Tuition break

By By Natalie Hale

By Natalie Hale

Low-income students could anticipate a tax break from the state thanks to this year’s legislative session.

Sponsored by Sen. Gregory Bell, R-Davis County, Senate Bill 62 passed Monday morning in the Senate Education Committee.

If SB 62 passes, it would provide students earning an income of fewer than $30,000 a year a refundable tax credit that would be used to pay for tuition and mandatory fees.

Some legislators have concerns with the rise of tuition in the state and have been looking for ways to ease students’ college tuition burden.

Bell said there is a decrease in students receiving Pell Grants because of federal reform and an increase in student sensitivity to accumulating debt. He said this is part of the underlying reasons behind the lagging enrollment in institutions of higher education.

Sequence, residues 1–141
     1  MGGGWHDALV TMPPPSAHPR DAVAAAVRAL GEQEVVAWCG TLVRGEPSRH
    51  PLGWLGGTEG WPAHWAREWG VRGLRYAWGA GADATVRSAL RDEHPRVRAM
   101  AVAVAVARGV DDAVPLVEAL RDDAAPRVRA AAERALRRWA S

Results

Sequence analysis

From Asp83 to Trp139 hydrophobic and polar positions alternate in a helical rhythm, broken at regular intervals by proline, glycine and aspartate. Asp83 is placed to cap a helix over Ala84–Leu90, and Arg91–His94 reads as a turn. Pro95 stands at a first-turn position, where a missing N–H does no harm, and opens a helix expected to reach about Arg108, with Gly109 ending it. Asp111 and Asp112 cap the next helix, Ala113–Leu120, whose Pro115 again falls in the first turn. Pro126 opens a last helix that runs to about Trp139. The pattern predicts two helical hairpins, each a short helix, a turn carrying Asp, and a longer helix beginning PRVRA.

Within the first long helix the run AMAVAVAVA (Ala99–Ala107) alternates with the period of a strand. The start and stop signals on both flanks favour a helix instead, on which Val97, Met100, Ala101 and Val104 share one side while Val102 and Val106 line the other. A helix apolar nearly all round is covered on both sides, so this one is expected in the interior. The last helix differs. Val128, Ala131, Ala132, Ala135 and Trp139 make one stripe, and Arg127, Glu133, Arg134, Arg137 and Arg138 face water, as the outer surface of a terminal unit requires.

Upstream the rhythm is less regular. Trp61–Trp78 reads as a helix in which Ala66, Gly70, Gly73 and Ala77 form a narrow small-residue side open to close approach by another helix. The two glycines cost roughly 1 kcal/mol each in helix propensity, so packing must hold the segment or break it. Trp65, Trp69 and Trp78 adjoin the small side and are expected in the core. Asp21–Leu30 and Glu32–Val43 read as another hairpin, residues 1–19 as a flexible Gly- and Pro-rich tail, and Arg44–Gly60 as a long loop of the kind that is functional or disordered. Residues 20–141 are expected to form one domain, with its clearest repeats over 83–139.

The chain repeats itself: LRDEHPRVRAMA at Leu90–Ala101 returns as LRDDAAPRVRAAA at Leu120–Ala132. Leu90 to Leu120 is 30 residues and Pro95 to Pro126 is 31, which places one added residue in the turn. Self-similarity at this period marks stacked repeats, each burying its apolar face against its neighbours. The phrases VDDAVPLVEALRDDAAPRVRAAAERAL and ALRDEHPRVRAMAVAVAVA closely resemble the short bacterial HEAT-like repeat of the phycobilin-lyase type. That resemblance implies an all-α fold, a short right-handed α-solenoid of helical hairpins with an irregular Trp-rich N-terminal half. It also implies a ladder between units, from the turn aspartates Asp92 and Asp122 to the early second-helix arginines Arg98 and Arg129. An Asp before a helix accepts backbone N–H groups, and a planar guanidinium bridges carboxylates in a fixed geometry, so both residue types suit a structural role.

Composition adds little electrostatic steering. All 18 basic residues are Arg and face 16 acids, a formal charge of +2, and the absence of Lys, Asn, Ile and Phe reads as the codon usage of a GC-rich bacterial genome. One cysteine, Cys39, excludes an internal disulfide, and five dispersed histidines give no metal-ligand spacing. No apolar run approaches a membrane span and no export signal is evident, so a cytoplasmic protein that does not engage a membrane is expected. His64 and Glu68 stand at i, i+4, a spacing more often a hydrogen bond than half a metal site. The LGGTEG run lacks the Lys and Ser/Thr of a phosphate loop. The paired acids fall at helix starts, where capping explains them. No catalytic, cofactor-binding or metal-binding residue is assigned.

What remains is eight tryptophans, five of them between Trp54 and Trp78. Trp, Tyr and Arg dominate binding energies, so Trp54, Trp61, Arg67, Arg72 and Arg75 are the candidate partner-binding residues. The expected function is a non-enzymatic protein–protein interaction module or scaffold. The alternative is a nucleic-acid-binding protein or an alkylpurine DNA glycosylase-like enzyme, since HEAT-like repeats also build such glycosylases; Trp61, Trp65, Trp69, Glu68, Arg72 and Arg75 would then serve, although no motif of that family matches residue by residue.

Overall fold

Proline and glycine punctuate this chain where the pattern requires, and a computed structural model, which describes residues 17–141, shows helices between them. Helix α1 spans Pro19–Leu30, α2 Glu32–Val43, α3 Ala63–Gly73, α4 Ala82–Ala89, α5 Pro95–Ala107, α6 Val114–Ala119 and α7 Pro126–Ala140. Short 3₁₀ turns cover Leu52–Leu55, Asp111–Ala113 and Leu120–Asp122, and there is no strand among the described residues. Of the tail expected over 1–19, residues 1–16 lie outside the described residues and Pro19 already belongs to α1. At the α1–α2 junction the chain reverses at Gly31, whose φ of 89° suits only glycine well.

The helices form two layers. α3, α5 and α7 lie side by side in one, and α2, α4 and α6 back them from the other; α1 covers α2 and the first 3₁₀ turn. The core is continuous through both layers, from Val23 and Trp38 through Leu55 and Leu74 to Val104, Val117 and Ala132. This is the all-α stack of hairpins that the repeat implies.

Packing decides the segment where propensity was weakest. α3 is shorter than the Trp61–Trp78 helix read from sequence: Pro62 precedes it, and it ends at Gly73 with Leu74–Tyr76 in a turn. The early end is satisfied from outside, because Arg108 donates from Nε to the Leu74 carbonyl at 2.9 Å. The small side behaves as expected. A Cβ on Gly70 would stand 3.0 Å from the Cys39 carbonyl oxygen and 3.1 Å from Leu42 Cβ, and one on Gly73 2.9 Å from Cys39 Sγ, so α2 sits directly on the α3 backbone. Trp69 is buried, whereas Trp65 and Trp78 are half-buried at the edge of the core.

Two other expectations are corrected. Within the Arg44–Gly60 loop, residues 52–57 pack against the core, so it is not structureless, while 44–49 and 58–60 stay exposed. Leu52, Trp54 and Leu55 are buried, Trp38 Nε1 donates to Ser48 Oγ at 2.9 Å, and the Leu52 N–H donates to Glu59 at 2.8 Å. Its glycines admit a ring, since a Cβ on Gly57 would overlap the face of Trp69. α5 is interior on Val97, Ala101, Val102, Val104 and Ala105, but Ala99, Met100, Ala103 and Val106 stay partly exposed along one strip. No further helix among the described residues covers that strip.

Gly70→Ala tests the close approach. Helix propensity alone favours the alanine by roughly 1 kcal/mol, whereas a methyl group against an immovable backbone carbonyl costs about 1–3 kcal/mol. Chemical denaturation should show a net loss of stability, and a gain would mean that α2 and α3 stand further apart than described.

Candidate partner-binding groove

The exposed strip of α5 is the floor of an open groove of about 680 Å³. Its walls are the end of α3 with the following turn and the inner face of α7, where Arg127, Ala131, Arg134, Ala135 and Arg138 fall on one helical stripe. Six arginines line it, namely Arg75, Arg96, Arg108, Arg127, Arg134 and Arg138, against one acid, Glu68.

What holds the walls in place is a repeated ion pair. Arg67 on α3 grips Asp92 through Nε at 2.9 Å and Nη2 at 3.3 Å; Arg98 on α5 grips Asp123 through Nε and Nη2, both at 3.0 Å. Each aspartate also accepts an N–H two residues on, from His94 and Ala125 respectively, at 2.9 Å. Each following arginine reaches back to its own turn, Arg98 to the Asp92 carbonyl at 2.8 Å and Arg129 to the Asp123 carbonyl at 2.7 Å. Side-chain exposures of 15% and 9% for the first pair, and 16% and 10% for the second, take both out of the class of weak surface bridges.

“This tuition problem is really affecting the quality of our students,” said Sen. Pat Jones, D-Salt Lake. “It is critical that we look at any way that we can help these students achieve.”

The bill was created to provide a refundable credit for students, but would not allow them to “double dip” and take additional advantages of the HOPE and Lifetime Learning deductions–credits provided by the federal government.

The $300 credit would be provided on an annual basis and is currently designed to serve approximately 30,000 of the 100,000 students in the state who are considered “the most needy,” Bell said.

Other students who do not qualify for the credit won’t be picking up the slack for those who can’t afford it, Bell said. The credit would be provided from taxpayers at large and would cost approximately $9 million.

“What I am trying to do is get kids to come to college,” Bell said. “We need to get more kids to attend college.”